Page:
Ambassador Linda Thomas-Greenfield
U.S. Representative to the United Nations
New York, New York
August 22, 2022
Thank you Mr. President and I thank, the Secretary-General and Ambassador Zlauvinen for your briefings and for your steadfast commitment to furthering multilateral diplomacy.
Colleagues, we live in a world where our greatest challenges are shared, and global challenges require global solutions. That is what makes multilateral institutions, such as the United Nations, so valuable.
The UN, unlike any other institution, can galvanize the world toward better ends. We can promote human rights. We can protect innocent civilians, and we can provide humanitarian relief – and we can save lives. We can strengthen sovereign equality and human flourishing, deter threats to peace and security, and work toward a more equal and more just world. But success requires good faith. It means not just quoting the UN Charter, but actually abiding by its principles in practice.
And it requires us to hold Member States accountable – vigorously and consistently – when they violate the Charter and the principles it stands for. Unfortunately, one of the greatest threats to our success – to maintain peace and security – is from within. At the top of the list is the full-scale invasion by Russia, a permanent member of this Council, of its sovereign neighbor and fellow UN Member State, Ukraine.
Before Russia’s unprovoked invasion, the United States, Ukraine, and its neighbors, as well as other member states, undertook intensive diplomatic efforts to dissuade Russia from choosing a path of force and violence. We convened dialogues at high levels across a range of international venues – including in this Council – to voice concerns about the security situation, and to discuss potential measures to revitalize Europe’s security architecture. Russia, however, rejected dialogue, discarded established views of sovereign equality, discarded the concept of indivisibility of security, and launched a horrific war.
Russia has justified its actions by attempting to redefine basic concepts like sovereignty, territorial integrity, and the indivisibility of security. It has done so by asserting that it is Moscow’s prerogative to dictate the political and security choices of its neighbors.
Russia is fond of saying that the security of one state cannot come at the expense of others. But Russia’s tortured, full-throated messaging on the supposed threats it faces from its neighbors omits the fact that all nations have the right to choose their security alliances. Russia’s interpretation of “indivisible security” does not justify one country’s attempted annexation of another. This goes against not only the principles, but the explicit words of the UN Charter and its allowances for mutual self-defense arrangements.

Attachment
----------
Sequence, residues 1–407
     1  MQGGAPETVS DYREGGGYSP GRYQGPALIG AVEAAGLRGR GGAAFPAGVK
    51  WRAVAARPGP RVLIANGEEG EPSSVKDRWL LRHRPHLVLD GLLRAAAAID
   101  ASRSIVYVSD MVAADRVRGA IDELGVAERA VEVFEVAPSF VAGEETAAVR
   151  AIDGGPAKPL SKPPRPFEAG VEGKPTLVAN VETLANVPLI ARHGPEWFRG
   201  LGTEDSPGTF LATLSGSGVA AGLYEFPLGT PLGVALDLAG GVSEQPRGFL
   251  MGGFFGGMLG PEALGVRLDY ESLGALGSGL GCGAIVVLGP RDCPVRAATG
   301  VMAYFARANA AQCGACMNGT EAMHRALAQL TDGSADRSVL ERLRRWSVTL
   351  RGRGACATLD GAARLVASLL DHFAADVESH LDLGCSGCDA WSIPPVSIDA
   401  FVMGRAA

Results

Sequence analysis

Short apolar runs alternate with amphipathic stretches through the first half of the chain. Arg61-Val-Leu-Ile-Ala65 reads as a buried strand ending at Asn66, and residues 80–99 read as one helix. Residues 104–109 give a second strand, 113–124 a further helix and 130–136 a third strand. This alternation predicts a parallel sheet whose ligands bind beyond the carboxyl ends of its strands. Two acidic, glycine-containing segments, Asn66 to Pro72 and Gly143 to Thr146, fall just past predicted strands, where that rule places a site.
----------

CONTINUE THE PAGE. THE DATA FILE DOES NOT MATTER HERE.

Russia’s selfish desire to invade its neighbor and steal its land has had implications for us all. It has exacerbated global food insecurity. It has launched a new refugee crisis. It has led to the deaths of tens of thousands of Ukrainians and Russians. And it has degraded the bedrock principles that have prevented new world wars.
The greatest mistakes of the 20th century came from the age of empires, when countries and people were not free to make their own sovereign determinations about their societies, economies, partnerships, and alliances. We cannot make those mistakes again.
That is why we enshrined these lessons in documents like the UN Charter and the Universal Declaration of Human Rights. By protecting and promoting human rights, we protect what bonds us together: our shared humanity. That is why states cannot excuse their human rights violations under the guise of domestic, internal affairs. Universal rights are, and must be, just that: universal. The language in the UN Charter and the Universal Declaration of Human Rights could not be clearer.
And finally, we came away from the 20th century in agreement that existential threats, like nuclear proliferation, needed to be monitored together. That we should use institutions and mechanisms established by the UN Charter, like the Security Council and General Assembly, to address these shared challenges to peace and security.
That is the message President Biden and Secretary Blinken delivered just a few weeks ago at the onset of the 10th Treaty on the Non-Proliferation of Nuclear Weapons Review Conference. The United States will continue to support the NPT, which remains the cornerstone of the nuclear nonproliferation regime.
At the Review Conference, we are seeking a consensus final document that preserves the integrity of this essential treaty and strengthens its implementation across all three of the Treaty’s pillars to accomplish concrete and practical ways to move forward. It is also important that the Review Conference acknowledge the manner in which Russia’s war and irresponsible actions in Ukraine seriously undermine the NPT’s main purposes.
That is why we believe resuming mutually-beneficial inspections under New START, or Strategic Arms Reduction Treaty, is a key part of our cooperation that must continue. We are ready to negotiate, expeditiously, a framework to replace New START in pursuit of further bilateral strategic nuclear arms reductions with Russia.
We are prepared to work with all countries on risk reduction and strategic stability efforts, and we will continue to support the entry into force of the Comprehensive Nuclear-Test Ban Treaty. And we are eager to begin working with partners to restart negotiations this year on the long delayed Fissile Material Cutoff Treaty.
These global challenges require global solutions. They require good faith and adherence to established norms and international law. They require commitment and perseverance, which too often are in short supply.
But we have to persist. Because our collective security hangs in the balance.
Thank you, Mr. President.